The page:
The Lufthansa Group carrier Austrian Airlines is removing the single row of business class behind the second set of doors on its Boeing 777-200ER aircraft, replacing them with premium economy and economy seats — almost doubling the number of premium economy seats on these aircraft.
Citing “website construction”, an Austrian spokesperson told Runway Girl Network that seat maps for the new aircraft are not yet available, but noted that “the increase in seating capacity is primarily possible because a whole row of the very space-intensive Business Class is being removed and seats in the other much more space-saving booking categories are being added.”
Based on the two existing seat maps for the 777-200ER, that’s the single row of the early-generation Thompson Vantage staggered seat behind doors 2 of the aircraft. While the seatmaker will perhaps find it uncomfortable to hear its Vantage product described as “very space-intensive”, the move makes a lot of sense. The efficiency of any staggered seat like Vantage comes from its overlapping stagger between rows, otherwise an airline might as well simply install a fully flat seat without the stagger.
Indeed, it’s surprising that Austrian ever installed this single six-seat row behind doors 2 of the 777-200ER. Removing the row not only allows Austrian to take out the seats, but also permits the removal of the custom front-row monuments that take up additional space, as well as the interstitial class barrier monuments between business class and premium economy.
The premium economy seat count rises to 40 seats per aircraft, almost doubling from its present 24. In the 2-4-2 configuration, this works out to an additional two rows of premium economy added, for a total of five rows.
The airline introduced premium economy some five years ago, but it’s not clear whether the expanded cabin will use these seats or the newer ZIMprivacy product first unveiled for the Lufthansa Group as Swiss’ Boeing 777-300ER product. Notionally, there should be little problem using a seat already certified for another 777 aircraft on Austrian’s fleet, and indeed there are many benefits to a newer seat: improved passenger experience, greater density, and commonality with the rest of the Lufthansa Group fleet being just for starters.
Reviewing the six-strong fleet’s recent sectors on FlightRadar24, Austrian is presently flying its Boeing 777-200ER on routes to the US including Chicago, Los Angeles and New York, as well as to Asian destinations like Bangkok, Shanghai and Tokyo (now taking upwards of 13 hours owing to overflight restrictions in the wake of Russia’s war on Ukraine). Adding more of a decent premium economy seat in place of a business class that is approaching the middle of its second decade in service makes much sense.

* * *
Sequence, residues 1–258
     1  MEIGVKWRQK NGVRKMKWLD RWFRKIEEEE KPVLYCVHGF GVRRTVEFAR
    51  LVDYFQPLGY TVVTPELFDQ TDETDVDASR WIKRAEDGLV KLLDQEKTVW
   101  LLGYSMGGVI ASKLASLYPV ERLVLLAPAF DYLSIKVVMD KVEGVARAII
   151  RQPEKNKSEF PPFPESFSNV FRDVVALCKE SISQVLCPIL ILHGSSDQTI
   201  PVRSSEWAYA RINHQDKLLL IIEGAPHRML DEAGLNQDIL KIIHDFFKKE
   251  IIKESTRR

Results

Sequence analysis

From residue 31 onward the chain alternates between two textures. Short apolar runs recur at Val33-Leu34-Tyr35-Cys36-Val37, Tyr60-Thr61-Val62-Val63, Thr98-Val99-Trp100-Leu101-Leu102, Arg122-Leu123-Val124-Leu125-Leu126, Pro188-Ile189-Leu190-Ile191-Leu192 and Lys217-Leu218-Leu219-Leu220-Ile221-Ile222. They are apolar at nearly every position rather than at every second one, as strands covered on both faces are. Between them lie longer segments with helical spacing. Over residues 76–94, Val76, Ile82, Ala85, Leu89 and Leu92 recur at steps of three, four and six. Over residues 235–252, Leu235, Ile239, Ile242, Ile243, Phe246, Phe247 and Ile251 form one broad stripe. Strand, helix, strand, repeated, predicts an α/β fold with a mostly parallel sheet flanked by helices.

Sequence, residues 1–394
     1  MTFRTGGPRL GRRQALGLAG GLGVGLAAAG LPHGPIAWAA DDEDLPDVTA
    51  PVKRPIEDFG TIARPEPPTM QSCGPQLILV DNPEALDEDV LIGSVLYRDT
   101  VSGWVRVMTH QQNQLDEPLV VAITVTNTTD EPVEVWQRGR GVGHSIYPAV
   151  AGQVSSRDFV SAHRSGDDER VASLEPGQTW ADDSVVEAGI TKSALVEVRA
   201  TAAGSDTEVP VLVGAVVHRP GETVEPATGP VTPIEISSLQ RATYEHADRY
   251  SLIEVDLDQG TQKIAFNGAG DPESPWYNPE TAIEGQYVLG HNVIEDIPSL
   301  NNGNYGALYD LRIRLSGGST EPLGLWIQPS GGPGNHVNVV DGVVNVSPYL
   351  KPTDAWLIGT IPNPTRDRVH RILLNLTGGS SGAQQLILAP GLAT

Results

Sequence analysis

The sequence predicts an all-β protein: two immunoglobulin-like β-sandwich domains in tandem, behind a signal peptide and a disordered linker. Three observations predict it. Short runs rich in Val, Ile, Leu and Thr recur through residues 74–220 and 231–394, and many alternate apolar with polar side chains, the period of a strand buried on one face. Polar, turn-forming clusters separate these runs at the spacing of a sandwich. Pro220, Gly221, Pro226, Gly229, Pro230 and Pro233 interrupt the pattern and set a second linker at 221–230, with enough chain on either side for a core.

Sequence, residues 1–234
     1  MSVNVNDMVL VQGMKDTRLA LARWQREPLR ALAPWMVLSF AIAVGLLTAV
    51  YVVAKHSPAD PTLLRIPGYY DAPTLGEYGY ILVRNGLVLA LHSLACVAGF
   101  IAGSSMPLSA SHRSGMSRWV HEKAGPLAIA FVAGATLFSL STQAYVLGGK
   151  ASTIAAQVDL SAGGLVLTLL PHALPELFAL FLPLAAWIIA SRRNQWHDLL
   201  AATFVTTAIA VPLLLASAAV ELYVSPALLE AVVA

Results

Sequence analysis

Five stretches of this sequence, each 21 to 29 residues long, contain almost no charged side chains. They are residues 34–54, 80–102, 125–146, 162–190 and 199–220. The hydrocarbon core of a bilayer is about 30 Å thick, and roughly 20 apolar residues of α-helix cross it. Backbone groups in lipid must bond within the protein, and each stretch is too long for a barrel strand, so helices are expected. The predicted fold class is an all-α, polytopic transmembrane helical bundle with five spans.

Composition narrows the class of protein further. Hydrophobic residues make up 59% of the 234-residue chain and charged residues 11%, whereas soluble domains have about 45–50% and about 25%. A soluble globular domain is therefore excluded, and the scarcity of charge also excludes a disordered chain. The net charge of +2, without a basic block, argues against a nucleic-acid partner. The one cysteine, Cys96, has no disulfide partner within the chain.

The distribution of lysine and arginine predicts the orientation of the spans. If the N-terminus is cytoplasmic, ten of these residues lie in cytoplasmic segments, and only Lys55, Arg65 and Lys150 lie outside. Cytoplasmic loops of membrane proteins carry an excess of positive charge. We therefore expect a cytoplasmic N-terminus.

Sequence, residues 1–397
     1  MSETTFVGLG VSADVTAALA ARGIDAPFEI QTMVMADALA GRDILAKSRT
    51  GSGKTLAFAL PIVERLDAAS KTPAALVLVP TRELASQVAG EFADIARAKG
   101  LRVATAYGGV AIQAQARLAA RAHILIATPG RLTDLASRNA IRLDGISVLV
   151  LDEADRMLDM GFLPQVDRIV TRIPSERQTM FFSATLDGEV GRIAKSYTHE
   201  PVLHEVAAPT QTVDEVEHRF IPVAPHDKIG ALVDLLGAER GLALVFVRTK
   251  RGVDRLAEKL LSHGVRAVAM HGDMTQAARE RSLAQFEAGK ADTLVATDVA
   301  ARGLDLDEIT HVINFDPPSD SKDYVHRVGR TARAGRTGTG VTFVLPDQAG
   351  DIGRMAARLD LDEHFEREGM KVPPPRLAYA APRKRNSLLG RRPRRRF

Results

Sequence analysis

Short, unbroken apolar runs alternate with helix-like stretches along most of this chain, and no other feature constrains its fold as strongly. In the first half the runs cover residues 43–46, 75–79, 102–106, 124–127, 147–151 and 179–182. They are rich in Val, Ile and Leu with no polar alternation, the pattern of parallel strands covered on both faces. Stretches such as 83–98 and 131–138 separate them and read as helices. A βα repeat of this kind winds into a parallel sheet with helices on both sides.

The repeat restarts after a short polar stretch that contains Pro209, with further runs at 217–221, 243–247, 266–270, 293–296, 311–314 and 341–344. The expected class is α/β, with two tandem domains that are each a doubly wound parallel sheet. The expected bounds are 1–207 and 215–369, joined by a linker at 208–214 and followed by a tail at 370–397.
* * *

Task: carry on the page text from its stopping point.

The airline is also adding fourteen economy class seats per aircraft as part of the refit. Austrian has not released details of how this will change, and has not yet responded to RGN’s questions about whether additional monuments will be removed.
Looking at the airline’s previous configuration seatmaps, however, it would seem logical from the positioning of lavatory and galley monuments aft of doors 2 that the additional fourteen seats would most likely break down into a full row of ten and then a further row of the central quad set of seats. This would require the centre quad of premium economy seats to also be staggered forwards. Austrian may also be adjusting the seat pitch in some or all of the economy class seats in the zone between doors 2 and 3. That both the variants of layout are getting the same additional seat numbers would suggest that it is likely to be only in this area that the aircraft are changing, rather than major changes further back in economy.
With Austrian’s elderly longhaul fleet comprising these six 777s and three of the smaller 767-300ER, many of which date back over 20 years, there is a clear need for replacement, but delays to both the 787 and 777X programmes have sent many airlines scrambling.
Austrian was, in theory, one of the intended recipients of the Lufthansa Group’s first Boeing 787-9 Dreamliner order (not to be confused with the opportunistic acquisition this year of airframes believed to be not taken up by HNA), which was supposed to start deliveries this year.
While this shouldn’t be a difficult refit — particularly around the lower demand winter period, with the airline saying the changes will start in “early 2023” and end by may — it’s notable that it’s taking place at all.
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Featured image credited to Austrian Airlines/Patrick Huber